On World Health Day, governments around the world are urged to heed the coronavirus ‘tipping point’ and ban wildlife trade to reduce risk of future pandemics

Humane Society International says wildlife markets worldwide are a petri dish for the next global pandemic

Humane Society International / Global

Masked man in Hong Kong market
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WASHINGTON — Governments across the globe have today received an urgent plea and science-based white paper from Humane Society International calling for immediate action to ban wildlife trade, transport and consumption – particularly mammals and birds which are known to contract coronaviruses – in order to address the threat they pose to public health in addition to animal welfare and species conservation.

Although the exact origins of the current coronavirus are still unknown, it likely originated in a market in Wuhan, China, selling and slaughtering live wild animals on site. Multiple infectious disease outbreaks have been tied to the wildlife trade including SARS in 2003 which is believed to have been passed to humans by civets sold for meat. An estimated 75% of emerging infectious diseases are zoonotic (spread from non-human animals to humans).

Teresa Telecky, vice president of wildlife at Humane Society International, said, “The current COVID-19 pandemic has illustrated just how deadly the wildlife trade can be, not just for the wild animals involved, but also for people throughout the world. COVID-19 has killed thousands of people and will likely have lasting negative impacts on local and global economies. It is a tipping point that governments globally must not ignore. Wildlife markets worldwide are a petri dish for the next global pandemic, so governments across the globe must do everything they can to prevent this from happening again, and that means banning this dangerous trade and helping those traders involved find alternative livelihoods as quickly as possible.”

To facilitate the global ban, HSI also urges governments to actively transition citizens who rely economically on the wildlife trade into alternative livelihoods, and to provide more resources for educating the public on the health risks of the wildlife trade.

China introduced a temporary ban on the sale of wild animals for food in early March, but has yet to codify it into law, and wild animals used for other purposes such as traditional medicine are notably excluded from the prohibition, as are some “farmed” wildlife. This month the Chinese city of Shenzhen took an enlightened step further by permanently banning all trade and consumption of wild animals, plus dogs and cats. However, globally, and especially in other parts of Asia, thousands of similar markets of the type linked to both SARS and COVID-19, still exist and pose a continued threat to human health. Typically in such markets a variety of wild species are crowded together in unhygienic and stressful conditions, and frequently slaughtered on the premises or offered live as exotic pets, providing ideal circumstances for the spread of zoonoses.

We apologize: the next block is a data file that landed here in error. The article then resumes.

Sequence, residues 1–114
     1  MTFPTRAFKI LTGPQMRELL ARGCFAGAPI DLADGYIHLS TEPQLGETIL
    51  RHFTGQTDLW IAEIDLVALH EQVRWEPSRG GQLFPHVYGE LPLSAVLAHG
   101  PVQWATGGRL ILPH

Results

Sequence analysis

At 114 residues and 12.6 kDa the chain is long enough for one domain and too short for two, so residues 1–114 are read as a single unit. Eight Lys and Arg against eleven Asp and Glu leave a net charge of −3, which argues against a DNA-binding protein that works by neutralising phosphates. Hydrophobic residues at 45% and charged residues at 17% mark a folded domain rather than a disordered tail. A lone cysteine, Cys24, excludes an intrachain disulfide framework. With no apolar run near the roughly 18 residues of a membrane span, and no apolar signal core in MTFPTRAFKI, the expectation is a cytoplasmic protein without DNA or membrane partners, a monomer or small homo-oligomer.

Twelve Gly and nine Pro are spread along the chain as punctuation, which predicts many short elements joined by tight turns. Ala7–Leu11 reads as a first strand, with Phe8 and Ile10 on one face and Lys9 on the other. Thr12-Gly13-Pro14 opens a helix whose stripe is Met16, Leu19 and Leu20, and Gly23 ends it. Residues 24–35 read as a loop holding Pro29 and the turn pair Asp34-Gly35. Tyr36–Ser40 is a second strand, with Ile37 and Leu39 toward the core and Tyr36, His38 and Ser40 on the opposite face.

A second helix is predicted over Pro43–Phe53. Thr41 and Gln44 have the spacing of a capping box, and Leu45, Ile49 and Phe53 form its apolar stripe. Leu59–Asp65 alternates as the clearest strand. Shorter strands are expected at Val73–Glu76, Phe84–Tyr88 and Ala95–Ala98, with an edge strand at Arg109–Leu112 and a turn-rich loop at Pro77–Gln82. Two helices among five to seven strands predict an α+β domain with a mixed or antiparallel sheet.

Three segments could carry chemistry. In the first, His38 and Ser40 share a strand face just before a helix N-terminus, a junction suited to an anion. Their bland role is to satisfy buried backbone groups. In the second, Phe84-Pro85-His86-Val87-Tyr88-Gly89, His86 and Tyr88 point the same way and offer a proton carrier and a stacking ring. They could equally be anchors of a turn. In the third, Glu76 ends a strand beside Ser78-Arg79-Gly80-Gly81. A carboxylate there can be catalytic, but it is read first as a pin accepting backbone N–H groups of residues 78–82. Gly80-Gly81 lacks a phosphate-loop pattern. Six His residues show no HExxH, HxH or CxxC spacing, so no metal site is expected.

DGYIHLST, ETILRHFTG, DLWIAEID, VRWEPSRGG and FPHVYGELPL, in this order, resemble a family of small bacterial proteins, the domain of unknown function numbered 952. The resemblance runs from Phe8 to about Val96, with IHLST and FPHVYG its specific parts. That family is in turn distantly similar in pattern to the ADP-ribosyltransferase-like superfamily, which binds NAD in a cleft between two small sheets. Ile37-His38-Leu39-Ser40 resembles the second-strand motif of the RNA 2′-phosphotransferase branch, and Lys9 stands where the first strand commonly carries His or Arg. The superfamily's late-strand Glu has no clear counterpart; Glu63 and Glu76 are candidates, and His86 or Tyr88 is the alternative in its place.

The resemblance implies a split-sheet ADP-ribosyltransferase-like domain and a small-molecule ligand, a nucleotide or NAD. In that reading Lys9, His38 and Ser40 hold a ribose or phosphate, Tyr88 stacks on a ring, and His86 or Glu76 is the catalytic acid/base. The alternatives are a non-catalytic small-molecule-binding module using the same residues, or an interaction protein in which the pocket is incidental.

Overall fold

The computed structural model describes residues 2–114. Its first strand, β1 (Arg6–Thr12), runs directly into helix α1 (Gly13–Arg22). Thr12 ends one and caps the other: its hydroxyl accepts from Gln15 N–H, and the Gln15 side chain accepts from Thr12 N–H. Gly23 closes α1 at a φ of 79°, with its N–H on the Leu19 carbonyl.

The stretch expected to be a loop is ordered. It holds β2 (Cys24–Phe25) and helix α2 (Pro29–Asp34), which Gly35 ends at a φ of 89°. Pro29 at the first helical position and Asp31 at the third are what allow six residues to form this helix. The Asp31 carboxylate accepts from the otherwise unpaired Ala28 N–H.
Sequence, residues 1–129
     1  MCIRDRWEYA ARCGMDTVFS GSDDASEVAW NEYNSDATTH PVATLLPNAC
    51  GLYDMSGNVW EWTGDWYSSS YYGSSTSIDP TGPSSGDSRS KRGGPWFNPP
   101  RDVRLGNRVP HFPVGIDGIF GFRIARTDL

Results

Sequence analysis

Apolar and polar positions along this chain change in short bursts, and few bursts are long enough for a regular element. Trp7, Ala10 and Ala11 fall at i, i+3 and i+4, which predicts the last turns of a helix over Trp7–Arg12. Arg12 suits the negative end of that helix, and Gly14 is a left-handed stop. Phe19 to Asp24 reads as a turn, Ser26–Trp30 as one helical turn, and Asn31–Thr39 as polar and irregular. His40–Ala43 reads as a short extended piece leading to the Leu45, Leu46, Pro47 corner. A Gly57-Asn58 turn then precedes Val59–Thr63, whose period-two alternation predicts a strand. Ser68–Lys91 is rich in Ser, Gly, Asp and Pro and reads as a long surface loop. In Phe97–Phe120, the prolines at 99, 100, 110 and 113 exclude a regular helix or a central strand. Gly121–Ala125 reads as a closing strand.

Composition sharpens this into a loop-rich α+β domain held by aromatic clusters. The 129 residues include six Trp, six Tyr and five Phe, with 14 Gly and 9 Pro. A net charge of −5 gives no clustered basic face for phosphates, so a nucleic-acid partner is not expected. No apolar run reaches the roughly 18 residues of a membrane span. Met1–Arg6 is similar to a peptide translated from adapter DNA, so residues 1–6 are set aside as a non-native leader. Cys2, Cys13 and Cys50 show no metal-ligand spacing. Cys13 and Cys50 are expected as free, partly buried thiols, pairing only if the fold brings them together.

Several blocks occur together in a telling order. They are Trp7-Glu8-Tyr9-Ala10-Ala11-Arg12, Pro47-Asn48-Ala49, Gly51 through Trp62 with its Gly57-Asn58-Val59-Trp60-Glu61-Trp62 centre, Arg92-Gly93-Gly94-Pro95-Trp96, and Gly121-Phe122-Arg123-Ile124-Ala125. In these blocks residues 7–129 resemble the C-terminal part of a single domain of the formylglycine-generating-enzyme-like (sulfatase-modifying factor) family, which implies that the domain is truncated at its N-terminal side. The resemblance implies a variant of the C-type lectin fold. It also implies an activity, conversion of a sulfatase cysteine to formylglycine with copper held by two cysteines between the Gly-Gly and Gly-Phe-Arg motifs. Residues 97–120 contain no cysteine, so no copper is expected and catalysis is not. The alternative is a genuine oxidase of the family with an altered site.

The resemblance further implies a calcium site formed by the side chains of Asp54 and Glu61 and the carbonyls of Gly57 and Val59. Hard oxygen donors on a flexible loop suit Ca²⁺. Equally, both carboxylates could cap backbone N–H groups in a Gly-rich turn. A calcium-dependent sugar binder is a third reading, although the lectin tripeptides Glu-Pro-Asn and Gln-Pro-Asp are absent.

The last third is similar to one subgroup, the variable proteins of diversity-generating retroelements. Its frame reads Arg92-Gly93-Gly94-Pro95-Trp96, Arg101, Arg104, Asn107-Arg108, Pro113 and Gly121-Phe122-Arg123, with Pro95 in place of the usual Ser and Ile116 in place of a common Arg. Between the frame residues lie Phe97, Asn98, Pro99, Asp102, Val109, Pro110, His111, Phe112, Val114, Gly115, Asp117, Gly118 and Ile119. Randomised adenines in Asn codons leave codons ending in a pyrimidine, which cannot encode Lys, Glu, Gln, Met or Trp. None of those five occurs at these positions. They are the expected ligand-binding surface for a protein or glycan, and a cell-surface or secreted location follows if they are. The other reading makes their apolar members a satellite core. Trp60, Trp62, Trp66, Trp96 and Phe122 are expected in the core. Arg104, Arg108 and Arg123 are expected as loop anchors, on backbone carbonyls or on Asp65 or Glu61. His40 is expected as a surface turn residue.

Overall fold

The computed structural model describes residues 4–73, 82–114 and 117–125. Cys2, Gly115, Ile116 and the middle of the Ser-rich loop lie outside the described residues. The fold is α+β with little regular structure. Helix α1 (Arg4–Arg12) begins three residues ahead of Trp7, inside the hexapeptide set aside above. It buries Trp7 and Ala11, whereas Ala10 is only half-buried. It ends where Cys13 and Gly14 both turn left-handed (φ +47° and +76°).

“Temporary bans on the wildlife trade are a good start but in order to fully address potential future outbreaks, it is imperative that countries permanently ban the wildlife trade and include wildlife used for any purpose including for medicine, fur, pets and others. With the stakes so high for global human health and wildlife protection, there is no place for complacency or half measures,” Telecky explains.

Global concern

  • Wild bird markets in Vietnam have been implicated in the spread of the highly pathogenic Avian Influenza (HPAI H5N1) virus;
  • Past surveys of wildlife markets in Lao PDR have identified mammals on sale known to be capable of hosting 36 zoonotic pathogens;
  • A recent literature analysis using TRAFFIC survey data from wild meat restaurants, roadside stalls and markets in Malaysia, identified 51 zoonotic pathogens that could be hosted by wild species found on sale;

HSI also warns that wildlife bans must be comprehensive and apply to the sale and consumption of all wild mammal and bird species, or risk missing the potential intermediate host for the next epidemic. Bats have been identified as the natural host or reservoir source for a wide range of viruses, including coronaviruses, and are sold as delicacies in East and Southeast Asia, the Pacific Islands, and Sub-Saharan Africa. However, coronaviruses from bats need an intermediate host species in order to transform the virus to infect humans, so partial bans won’t fix the problem.

Also on World Health Day, HSI joins with 241 organisations in signing an open letter to the World Health Organization calling for it to exclude the use of wildlife in Traditional Chinese Medicine.

Download b-roll video and photos of wild animal markets.

Download the white paper.

Download the cover letter.

Watch the video.

The white paper and cover letter are available in multiple languages here.


Media contact:

Wendy Higgins: Director of International Media – whiggins@hsi.org

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